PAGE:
Call the Midwife is back for its 12th season and so are the faculty of the Vanderbilt University School of Nursing to provide historical and contemporary context in a weekly recap blog. Watch the show Sundays at 7 p.m. through May 7. SPOILER ALERT: Some posts may contain plot details.
I recently spent a sunny afternoon chatting with an 85-year-old man while we cheered on an elementary school track team. When he discovered I was a nurse-midwife, he told me about his wife’s second pregnancy. No one recognized that it was a twin pregnancy until the second baby began to crown. This father was outside the delivery room, expecting one baby until the doctor congratulated him on his two new sons. These twins are just a few years older than me, and their birth was dramatically different from today’s pregnancies.
When contemporary mothers arrive at the hospital in labor, they certainly know that it’s a singleton pregnancy. They often know the baby’s sex, size, position and sometimes his or her chromosomal makeup. They call the baby by name. Technology allows modern parents to know a lot about a fetus long before it’s in arms. But hemophilia can still surprise new parents just as it surprised Lorna Pryce in this week’s episode.
We meet Lorna late in her second pregnancy, flanked by her devoted mother and toddler daughter. Her labor begins spontaneously and proceeds normally until the baby’s malposition requires forceps for birth. Baby boy Ian develops a cephalohematoma, a bruise under the scalp that sometimes follows a forceps delivery. It’s only when more bruising develops that Dr. and Mrs. Turner recognize that something is seriously wrong with the newborn. Under care of the hospital pediatrician, Ian is diagnosed with hemophilia, inherited from his grandfather whose own disease caused his early death.
Hemophilia is a rare genetic blood clotting disorder linked to the X chromosome. In a case like this, the mother inherits the mutation from her father, then passes it on to her children. Assuming Lorna’s husband does not have hemophilia, each of their sons has a 50% chance of inheriting the disease and each daughter has a 50% chance of being an asymptomatic carrier. These days we know far more about hemophilia: We know which genetic mutations cause the multiple variations of this clotting disorder; how to use lab tests to measure disease severity; how to treat the disease with multiple medications. But we still can’t always anticipate the diagnosis. Sometimes that’s because the family history is unknown and occasionally it’s because hemophilia is the result of a new genetic mutation rather than an inherited one.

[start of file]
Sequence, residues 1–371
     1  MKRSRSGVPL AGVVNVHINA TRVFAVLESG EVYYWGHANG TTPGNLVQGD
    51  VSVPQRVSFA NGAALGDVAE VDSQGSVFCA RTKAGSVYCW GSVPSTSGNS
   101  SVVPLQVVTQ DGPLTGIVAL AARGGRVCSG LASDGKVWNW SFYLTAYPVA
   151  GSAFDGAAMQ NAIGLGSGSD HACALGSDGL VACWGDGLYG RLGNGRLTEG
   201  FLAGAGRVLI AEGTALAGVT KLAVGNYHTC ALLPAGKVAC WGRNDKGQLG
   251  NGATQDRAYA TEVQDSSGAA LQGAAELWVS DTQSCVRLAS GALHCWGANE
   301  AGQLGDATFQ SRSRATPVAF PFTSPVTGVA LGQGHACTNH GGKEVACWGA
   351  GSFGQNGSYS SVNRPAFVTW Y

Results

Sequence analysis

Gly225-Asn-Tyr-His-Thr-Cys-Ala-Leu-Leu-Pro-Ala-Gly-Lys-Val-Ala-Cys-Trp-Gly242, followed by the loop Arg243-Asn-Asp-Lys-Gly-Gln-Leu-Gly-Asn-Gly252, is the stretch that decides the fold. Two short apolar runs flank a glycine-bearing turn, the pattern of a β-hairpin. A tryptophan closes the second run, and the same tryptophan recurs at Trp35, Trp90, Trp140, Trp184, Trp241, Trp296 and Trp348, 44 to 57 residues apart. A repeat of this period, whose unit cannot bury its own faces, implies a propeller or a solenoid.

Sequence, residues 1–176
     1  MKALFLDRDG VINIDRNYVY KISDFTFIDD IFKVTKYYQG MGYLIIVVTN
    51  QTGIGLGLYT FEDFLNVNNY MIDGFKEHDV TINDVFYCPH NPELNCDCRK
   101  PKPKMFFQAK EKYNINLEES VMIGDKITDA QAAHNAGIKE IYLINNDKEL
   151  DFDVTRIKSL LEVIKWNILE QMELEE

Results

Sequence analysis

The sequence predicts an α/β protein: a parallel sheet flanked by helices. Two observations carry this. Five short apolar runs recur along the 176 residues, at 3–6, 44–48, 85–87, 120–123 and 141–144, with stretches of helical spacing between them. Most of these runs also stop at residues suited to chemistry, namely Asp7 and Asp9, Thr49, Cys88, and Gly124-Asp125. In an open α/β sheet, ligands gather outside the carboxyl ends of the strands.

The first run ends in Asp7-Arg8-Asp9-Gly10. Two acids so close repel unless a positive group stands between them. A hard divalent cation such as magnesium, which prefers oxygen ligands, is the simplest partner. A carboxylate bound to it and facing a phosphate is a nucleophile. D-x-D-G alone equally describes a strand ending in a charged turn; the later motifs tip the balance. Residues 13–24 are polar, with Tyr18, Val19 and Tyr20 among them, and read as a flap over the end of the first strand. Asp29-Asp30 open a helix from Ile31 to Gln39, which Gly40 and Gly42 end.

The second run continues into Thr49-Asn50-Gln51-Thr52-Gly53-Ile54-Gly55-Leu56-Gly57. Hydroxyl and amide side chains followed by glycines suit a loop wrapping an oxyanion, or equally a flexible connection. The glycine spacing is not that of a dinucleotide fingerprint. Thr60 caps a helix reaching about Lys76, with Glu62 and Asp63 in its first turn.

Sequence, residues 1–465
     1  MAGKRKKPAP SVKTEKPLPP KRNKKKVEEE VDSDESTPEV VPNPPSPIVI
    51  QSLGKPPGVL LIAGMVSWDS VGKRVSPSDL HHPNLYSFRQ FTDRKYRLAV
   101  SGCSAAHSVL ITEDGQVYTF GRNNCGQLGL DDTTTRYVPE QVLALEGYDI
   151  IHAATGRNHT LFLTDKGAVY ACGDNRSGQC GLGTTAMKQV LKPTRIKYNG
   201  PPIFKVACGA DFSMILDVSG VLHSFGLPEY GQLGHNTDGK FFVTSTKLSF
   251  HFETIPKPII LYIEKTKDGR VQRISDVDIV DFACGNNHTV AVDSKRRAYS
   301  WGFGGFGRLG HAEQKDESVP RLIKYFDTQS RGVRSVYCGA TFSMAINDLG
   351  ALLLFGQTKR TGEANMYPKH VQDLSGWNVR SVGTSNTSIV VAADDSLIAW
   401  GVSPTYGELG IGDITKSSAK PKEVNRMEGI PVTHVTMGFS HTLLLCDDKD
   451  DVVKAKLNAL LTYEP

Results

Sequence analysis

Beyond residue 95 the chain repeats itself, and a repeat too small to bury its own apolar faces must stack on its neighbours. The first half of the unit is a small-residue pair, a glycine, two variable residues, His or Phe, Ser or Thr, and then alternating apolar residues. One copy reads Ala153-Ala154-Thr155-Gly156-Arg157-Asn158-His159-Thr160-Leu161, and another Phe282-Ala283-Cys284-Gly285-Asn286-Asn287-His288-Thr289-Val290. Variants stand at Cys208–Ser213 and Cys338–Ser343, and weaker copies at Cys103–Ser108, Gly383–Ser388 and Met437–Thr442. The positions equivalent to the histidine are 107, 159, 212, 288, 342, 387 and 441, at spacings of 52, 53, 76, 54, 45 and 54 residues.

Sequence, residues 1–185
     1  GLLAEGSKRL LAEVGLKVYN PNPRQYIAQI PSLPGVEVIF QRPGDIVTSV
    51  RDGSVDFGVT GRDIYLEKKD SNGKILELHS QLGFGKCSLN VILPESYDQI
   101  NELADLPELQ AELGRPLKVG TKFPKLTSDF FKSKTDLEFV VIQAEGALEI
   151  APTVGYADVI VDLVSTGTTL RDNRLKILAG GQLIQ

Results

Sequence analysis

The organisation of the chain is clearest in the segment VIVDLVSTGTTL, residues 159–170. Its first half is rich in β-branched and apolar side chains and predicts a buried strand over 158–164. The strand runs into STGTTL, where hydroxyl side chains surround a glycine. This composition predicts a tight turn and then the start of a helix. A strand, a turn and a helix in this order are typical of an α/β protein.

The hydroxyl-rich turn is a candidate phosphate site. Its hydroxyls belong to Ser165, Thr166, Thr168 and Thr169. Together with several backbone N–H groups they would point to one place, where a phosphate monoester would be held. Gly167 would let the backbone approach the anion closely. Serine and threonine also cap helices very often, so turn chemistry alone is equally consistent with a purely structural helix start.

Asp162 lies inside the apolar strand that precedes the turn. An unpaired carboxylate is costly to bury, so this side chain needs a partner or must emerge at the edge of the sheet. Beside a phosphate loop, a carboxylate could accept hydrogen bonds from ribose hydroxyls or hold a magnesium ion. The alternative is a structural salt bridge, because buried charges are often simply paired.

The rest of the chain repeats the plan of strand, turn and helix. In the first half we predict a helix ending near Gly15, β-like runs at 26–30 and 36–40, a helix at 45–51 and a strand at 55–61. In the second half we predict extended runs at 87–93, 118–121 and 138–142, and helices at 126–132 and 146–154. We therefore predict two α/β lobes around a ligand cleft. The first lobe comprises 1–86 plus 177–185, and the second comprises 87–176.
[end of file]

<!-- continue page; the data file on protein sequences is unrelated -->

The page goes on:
Genetic testing in pregnancy is common, almost ubiquitous, but hemophilia isn’t included in routine testing: We don’t test parents to see if they are carriers, nor do we test the fetus to know if he has the disease. So a mother in 2023 can have the same experience as Lorna Pryce in 1968: the slow revelation of symptoms, evaluation, diagnosis.
If I did know that a patient was a carrier of hemophilia, I’d recommend that she find out the baby’s sex by ultrasound or genetic screening. We’d loop in genetic and pediatric specialists for expert guidance. We’d assume a boy had hemophilia and plan the delivery accordingly: avoid forceps or vacuum assistance, avoid invasive fetal monitoring, move to cesarean birth if the pushing stage of labor is lengthy. We’d have IV clotting factor available for the newborn and pediatricians at the ready. We’d recommend against circumcision and be careful with routine needlesticks. But kids born with hemophilia today still face a lifelong medical complication and reduced life expectancy, like baby Ian. Let’s hope for transformative technological advances in the treatment and cure of this disease.
Kate Virostko, MSN, CNM, is a member of the Vanderbilt Nurse-Midwives & Primary Care for Women at Melrose, the clinical practice of the Vanderbilt University School of Nursing.